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Chronic Probable PTSD in Police Responders in the World Trade Center Health Registry Ten to Eleven Years After 9/11

Cone, James E.; Li, Jiehui; Kornblith, Erica; Gocheva, Vihra; Stellman, Steven D.; Shaikh, Annum; Schwarzer, Ralf; Bowler, Rosemarie M.

Background: Police enrolled in the World Trade Center Health Registry (WTCHR) demonstrated increased probable posttraumatic stress disorder (PTSD) after the terrorist attack of 9/11/2001. Methods: Police enrollees without pre-9/11 PTSD were studied. Probable PTSD was assessed by Posttraumatic Stress Check List (PCL). Risk factors for chronic, new onset or resolved PTSD were assessed using multinomial logistic regression. Results: Half of police with probable PTSD in 2003-2007 continued to have probable PTSD in 2011–2012. Women had higher prevalence of PTSD than men (15.5% vs. 10.3%, P = 0.008). Risk factors for chronic PTSD included decreased social support, unemployment, 2+ life stressors in last 12 months, 2+ life-threatening events since 9/11, 2+ injuries during the 9/11 attacks, and unmet mental health needs. Conclusion: Police responders to the WTC attacks continue to bear a high mental health burden. Improved early access to mental health treatment for police exposed to disasters may be needed.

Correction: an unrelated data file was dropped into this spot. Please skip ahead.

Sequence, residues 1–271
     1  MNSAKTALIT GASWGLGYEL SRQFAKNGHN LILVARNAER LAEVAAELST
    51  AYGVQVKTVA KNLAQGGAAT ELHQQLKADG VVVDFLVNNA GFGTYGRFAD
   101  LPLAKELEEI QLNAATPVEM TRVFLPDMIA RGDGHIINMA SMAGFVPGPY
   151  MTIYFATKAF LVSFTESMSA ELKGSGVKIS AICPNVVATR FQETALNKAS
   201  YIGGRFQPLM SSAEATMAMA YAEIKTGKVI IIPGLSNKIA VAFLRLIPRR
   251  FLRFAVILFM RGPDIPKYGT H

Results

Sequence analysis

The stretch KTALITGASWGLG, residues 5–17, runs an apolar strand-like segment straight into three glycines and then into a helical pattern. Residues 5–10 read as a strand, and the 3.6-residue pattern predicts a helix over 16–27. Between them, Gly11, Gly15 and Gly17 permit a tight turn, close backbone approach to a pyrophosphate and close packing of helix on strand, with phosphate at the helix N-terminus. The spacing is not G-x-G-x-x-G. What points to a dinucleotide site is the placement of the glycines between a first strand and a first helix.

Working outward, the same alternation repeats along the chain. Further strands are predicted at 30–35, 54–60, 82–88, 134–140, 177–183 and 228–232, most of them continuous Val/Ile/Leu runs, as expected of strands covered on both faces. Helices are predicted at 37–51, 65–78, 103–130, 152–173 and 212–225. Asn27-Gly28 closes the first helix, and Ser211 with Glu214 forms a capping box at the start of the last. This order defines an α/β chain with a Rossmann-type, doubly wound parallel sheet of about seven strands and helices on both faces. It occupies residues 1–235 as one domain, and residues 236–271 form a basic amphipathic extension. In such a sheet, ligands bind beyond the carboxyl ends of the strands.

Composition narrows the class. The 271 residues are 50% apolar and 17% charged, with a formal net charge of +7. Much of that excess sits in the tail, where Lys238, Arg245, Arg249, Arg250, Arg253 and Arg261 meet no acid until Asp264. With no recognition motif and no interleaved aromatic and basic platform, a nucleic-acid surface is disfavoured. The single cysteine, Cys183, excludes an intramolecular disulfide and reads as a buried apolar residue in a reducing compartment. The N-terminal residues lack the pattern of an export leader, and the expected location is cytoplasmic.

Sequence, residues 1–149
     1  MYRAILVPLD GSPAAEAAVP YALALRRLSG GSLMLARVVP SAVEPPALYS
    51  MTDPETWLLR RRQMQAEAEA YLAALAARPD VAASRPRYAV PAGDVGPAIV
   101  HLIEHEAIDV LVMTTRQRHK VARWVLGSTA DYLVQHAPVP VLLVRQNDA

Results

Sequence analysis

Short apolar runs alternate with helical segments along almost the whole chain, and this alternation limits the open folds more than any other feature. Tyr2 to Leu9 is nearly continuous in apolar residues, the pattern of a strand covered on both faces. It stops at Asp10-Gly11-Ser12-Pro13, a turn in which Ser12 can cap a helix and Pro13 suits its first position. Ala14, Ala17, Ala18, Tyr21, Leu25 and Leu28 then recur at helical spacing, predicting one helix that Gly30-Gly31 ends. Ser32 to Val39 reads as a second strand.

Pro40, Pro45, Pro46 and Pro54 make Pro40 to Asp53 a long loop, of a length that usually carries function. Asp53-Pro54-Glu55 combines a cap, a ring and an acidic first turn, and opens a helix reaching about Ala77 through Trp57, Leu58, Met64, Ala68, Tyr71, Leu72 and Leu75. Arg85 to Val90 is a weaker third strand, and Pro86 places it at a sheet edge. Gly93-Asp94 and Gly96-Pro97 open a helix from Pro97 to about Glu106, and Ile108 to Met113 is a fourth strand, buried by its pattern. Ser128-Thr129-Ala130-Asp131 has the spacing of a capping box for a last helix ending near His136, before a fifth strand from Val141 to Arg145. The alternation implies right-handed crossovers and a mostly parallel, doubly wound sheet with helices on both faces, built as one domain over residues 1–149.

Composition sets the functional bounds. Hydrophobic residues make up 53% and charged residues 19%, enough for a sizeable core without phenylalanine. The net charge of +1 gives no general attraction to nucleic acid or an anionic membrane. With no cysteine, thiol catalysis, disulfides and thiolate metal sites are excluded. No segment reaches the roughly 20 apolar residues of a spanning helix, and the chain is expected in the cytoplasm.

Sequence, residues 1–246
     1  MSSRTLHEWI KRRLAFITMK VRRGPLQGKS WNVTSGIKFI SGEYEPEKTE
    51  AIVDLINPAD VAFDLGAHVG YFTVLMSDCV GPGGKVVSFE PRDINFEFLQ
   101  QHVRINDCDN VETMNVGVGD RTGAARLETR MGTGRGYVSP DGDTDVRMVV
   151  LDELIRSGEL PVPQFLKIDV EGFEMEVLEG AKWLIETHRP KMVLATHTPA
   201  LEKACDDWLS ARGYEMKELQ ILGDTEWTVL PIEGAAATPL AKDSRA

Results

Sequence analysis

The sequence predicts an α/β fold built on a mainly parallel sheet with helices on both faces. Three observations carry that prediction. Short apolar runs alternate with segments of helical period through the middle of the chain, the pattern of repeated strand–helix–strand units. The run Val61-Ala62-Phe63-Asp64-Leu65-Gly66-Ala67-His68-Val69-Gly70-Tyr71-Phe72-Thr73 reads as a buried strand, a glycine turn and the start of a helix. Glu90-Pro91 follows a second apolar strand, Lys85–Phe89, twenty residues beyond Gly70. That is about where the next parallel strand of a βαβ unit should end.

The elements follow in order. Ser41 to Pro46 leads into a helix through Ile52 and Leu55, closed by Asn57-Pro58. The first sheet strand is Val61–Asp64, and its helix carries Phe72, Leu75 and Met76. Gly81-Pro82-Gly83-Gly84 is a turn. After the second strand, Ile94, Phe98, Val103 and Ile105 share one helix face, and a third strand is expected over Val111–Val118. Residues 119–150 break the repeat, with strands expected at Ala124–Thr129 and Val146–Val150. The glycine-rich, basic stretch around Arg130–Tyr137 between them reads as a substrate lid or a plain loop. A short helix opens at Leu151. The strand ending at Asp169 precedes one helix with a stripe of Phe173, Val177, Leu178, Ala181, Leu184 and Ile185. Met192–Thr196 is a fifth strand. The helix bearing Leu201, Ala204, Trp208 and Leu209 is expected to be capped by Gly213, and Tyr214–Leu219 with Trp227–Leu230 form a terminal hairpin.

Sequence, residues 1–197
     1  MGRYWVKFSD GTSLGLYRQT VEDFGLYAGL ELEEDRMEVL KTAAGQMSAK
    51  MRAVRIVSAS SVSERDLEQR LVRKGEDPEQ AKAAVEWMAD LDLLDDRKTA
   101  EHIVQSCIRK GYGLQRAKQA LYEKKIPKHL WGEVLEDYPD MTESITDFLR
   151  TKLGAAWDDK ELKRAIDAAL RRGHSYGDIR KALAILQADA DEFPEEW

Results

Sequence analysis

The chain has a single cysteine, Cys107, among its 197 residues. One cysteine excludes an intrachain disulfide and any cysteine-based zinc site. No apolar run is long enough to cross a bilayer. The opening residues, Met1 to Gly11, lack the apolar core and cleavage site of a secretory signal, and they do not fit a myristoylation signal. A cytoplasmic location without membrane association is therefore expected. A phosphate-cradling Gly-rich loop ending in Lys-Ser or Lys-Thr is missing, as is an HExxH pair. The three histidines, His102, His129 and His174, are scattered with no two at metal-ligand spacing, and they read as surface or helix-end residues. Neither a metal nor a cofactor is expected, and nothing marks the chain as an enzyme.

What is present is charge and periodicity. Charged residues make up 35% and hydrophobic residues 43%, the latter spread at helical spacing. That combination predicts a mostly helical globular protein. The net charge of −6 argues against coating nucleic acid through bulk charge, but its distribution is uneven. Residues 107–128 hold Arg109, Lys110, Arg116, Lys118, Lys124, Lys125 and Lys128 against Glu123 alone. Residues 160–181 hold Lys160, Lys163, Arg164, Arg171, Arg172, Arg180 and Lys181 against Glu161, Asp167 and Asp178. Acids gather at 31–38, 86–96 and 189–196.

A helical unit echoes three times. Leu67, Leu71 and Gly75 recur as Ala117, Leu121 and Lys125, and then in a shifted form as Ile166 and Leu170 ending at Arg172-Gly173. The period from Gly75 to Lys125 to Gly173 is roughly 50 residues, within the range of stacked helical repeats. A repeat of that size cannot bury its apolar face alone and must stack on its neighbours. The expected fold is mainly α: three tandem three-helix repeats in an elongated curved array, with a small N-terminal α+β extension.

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Also Published In

American Journal of Industrial Medicine

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Published Here
June 12, 2015
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